- Histogram: brightness - just personal preference
- INFO button: shoot. func - I only use this if the camera's on a tripod and it's more convenient than looking through the viewfinder or on the LCD
- (C. Fn I) ISO expansion: on - I only use ISO3200 if I have to, but I like having the option (yes, I know it's the same thing as ISO1600 -1eV)
- (C. Fn II) - Long exp. noise reduction: off - this is annoying - I can see myself using this, but I'll temporarily switch it if so
- (C. Fn II) - High ISO speed noise reduction: off - no thank you
- (C. Fn II) - Highlight tone priority: disable - no thank you
- (C. Fn III) - Mirror lockup: disable - I use this often, but only on tripod - I have this as one of my quick settings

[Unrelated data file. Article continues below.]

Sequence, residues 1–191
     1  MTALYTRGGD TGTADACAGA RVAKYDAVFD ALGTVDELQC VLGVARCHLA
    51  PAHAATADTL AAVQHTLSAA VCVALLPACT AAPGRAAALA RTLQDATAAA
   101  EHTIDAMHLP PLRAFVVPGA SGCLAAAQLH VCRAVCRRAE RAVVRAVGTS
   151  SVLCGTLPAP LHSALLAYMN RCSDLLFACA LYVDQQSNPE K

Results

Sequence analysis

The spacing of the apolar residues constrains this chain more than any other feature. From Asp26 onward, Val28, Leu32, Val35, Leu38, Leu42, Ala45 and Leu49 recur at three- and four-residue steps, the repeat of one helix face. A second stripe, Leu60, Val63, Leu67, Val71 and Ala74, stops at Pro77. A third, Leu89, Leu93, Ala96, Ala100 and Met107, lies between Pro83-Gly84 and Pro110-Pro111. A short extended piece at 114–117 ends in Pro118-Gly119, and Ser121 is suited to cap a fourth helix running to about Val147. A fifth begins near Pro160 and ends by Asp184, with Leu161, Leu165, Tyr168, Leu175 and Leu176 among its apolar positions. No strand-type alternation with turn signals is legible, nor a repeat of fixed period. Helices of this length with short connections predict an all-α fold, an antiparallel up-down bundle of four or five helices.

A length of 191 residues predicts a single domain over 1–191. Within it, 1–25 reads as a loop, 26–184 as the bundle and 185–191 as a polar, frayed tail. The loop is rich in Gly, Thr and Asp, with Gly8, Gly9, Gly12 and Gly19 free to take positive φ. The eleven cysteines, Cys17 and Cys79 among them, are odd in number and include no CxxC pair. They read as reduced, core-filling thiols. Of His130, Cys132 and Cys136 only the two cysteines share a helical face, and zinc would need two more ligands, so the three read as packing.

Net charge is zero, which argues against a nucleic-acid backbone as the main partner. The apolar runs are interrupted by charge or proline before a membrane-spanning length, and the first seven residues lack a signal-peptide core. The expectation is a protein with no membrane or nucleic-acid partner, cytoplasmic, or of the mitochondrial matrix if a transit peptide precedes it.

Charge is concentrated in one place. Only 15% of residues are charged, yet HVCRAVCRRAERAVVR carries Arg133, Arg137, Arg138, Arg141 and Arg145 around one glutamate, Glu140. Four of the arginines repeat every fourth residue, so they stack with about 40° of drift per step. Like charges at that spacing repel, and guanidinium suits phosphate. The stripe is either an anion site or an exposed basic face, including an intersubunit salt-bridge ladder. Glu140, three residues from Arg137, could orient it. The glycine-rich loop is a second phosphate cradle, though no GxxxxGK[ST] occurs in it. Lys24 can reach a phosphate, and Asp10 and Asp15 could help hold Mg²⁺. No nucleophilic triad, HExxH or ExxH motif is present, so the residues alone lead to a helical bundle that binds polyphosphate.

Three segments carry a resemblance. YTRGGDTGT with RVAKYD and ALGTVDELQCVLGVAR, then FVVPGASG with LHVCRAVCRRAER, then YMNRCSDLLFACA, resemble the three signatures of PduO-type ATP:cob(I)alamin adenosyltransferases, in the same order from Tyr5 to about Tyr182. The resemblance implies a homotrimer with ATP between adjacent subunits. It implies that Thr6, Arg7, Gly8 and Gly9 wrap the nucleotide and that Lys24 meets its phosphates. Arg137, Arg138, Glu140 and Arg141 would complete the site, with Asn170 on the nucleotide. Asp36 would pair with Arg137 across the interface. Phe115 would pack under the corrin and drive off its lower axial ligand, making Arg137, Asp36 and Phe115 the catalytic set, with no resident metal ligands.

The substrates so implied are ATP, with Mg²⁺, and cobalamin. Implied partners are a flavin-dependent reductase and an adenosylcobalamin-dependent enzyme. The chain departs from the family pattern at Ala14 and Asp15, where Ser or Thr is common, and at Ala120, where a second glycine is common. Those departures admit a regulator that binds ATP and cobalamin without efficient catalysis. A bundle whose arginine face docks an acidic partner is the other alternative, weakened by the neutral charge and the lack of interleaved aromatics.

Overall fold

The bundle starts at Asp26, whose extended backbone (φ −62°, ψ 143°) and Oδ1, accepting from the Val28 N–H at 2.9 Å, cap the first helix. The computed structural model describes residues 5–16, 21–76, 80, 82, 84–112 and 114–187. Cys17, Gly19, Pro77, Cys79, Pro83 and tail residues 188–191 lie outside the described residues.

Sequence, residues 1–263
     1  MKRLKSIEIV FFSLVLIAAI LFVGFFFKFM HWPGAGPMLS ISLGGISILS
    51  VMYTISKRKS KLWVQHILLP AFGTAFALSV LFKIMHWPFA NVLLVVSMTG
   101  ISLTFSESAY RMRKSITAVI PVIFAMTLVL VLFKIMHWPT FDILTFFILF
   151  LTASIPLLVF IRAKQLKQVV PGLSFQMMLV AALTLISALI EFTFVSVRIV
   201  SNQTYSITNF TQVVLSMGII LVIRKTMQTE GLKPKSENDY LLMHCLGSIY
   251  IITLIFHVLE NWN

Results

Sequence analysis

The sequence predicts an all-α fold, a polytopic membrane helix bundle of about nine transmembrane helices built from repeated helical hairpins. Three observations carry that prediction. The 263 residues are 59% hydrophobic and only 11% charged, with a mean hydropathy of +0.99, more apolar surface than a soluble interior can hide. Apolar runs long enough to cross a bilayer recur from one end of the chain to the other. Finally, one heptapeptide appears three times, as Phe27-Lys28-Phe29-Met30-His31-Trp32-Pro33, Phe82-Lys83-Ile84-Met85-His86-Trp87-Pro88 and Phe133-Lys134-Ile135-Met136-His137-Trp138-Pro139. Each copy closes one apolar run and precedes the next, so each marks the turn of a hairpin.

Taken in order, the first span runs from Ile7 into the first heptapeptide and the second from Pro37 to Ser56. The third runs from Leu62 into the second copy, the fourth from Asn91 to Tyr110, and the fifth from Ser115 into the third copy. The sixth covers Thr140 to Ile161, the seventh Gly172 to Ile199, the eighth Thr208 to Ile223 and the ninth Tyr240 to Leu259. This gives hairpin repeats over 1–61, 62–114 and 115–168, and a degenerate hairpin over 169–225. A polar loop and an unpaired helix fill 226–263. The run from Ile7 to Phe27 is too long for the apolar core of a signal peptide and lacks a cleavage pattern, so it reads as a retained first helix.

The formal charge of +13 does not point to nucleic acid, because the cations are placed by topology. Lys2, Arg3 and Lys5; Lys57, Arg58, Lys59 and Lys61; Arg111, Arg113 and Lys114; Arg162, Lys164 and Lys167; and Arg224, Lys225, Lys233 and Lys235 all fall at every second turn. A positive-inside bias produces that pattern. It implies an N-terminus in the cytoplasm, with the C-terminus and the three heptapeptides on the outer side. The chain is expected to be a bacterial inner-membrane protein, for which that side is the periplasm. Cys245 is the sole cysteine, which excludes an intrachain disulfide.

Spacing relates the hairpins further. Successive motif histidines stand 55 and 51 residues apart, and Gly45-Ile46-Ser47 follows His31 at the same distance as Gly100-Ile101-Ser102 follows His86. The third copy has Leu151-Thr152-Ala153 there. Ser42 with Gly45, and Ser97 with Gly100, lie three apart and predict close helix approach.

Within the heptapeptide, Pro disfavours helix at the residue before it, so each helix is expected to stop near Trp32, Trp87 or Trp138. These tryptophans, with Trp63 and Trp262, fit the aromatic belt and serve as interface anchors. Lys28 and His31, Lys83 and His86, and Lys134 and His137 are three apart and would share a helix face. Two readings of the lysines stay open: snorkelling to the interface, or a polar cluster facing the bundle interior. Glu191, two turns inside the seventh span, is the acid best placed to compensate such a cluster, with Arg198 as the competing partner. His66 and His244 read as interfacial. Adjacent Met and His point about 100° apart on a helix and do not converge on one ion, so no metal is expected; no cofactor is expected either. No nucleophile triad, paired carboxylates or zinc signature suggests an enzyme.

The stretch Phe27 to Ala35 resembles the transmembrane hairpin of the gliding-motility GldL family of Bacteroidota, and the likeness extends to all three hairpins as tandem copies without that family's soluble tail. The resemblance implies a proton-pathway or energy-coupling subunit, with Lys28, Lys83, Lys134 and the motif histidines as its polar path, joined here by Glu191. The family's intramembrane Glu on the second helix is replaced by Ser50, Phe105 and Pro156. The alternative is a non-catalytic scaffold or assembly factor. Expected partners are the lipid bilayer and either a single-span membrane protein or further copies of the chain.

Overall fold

- (C. Fn III) - Lens drive with AF impossible: focus search on - I can deal with this - I'm capable of letting go of the
- (C. Fn III) - Lens AF stop button function: AF stop - I rarely need to cancel AF when I hit the shutter button halfway, but it's there if I need it
- (C. Fn III) - AF point selection method: Multi-controller direct - I love that joystick - it's great to jump right to the AF point you need
- (C. Fn III) - Superimposed display: On - I need this on to see what I'm focusing on
- (C. Fn III) - AF during Live View shooting: Enable - I rarely use this, but keep it available
- (C. Fn III) - Mirror lockup: Disable - I use this often, but only on tripod - I have this as one of my quick settings
- (C. Fn IV) - None of these are interesting enough to mention


1. Ambient Only
** This is the mode I'm in more often than not. If there's enough ambient light, I'm using it. I only pull out the flashes if I'm looking for a cool effect, or if they're absolutely necessary.